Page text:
The Problem

What are the main contributors to homelessness?

Loss of income, low wages or unemployment: Any disruption for low-income families – unexpected illness and medical expenses, unemployment, divorce, loss of transportation, etc. – can create a financial crisis that results in loss of housing.

Lack of affordable housing: The average rent for a two-bedroom apartment in Orlando requires an hourly wage of over $19.29 – putting it out of reach for many working poor. A couple who are both employed full-time at minimum wage ($8.10 per hour) can still face significant hardship, preventing them from meeting their other basic needs, such as nutrition and health care, or saving for their future. (Source)

Domestic violence: Victims of domestic violence flee their homes, sometimes with only the clothes on their backs. Nationally, approximately 50% of all women who are homeless report that domestic violence was the immediate cause of their homelessness. (Source)

Substance abuse or mental illness: A common stereotype of the homeless population is that they are all alcoholics or drug abusers. The truth is that a high percentage of homeless people do struggle with substance abuse — but it is both a cause and a result of homelessness, often arising after people lose their housing. For many homeless individuals, substance abuse co-occurs with mental illness as a way to self-medicate.

Who Do We Serve?

Single men make up 39% of the homeless population served by the Coalition nightly. Many of the men at the Coalition work every day and rely on the Coalition for shelter because they cannot afford housing.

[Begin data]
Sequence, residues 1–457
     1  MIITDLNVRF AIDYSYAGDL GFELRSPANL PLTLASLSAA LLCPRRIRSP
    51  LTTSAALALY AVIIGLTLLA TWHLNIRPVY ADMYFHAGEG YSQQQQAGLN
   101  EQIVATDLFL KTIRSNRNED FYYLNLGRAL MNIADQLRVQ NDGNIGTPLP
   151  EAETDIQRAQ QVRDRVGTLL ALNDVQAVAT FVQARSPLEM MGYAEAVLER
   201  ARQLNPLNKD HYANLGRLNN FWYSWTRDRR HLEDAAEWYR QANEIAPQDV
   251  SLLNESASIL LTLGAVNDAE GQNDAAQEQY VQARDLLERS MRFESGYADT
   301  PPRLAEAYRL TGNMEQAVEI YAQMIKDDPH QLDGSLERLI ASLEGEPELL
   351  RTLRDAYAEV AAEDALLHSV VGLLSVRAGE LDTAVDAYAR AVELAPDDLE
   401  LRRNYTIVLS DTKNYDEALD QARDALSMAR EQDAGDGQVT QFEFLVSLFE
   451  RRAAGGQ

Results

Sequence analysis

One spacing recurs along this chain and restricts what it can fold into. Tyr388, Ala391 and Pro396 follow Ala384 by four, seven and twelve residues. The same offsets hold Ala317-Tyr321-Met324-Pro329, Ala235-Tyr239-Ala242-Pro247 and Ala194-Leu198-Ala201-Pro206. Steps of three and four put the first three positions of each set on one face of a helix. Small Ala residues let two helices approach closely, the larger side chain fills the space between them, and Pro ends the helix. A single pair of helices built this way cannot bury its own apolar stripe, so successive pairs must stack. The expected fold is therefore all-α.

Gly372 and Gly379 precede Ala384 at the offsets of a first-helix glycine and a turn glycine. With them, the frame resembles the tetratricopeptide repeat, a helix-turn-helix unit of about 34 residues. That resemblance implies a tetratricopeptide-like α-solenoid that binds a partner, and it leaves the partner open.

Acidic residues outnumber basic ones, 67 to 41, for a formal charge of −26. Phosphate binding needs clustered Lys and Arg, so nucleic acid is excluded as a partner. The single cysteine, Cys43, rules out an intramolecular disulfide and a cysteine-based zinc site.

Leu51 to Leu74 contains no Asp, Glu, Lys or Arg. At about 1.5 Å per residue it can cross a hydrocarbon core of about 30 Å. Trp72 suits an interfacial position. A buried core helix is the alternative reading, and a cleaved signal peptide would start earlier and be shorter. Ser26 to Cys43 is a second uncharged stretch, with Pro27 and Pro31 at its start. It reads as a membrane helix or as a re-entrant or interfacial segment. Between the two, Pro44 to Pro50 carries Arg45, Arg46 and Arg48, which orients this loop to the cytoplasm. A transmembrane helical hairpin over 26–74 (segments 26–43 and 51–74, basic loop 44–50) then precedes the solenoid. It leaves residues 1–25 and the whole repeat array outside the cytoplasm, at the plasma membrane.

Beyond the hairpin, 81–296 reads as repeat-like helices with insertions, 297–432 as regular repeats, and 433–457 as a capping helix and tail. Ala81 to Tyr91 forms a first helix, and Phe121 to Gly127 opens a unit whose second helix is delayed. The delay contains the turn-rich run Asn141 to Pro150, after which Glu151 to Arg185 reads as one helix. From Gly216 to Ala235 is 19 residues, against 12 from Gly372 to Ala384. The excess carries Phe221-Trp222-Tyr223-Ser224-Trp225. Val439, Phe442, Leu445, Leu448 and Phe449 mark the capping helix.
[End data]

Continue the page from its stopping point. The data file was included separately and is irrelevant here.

Women, children and families make up 61% of the Coalition’s residents on an average night. Throughout the nation, the fastest growing segment of the homeless population is families with children.

The Coalition serves about 140 children with their families each night. The average age of the children at the Coalition is just seven years old.

Aren’t shelters just a band-aid?

Many times, for a variety of reasons, permanent housing is not readily available. During that time, the Coalition provides stabilization and support for ongoing needs. In addition to shelter and food, we offer childcare, employability training, financial literacy, and other crucial services to put someone on the road to permanent housing.

Homelessness is a complex issue.

The causes are multifaceted and require a combination of permanent housing, bridge housing, and shelters like the Coalition.

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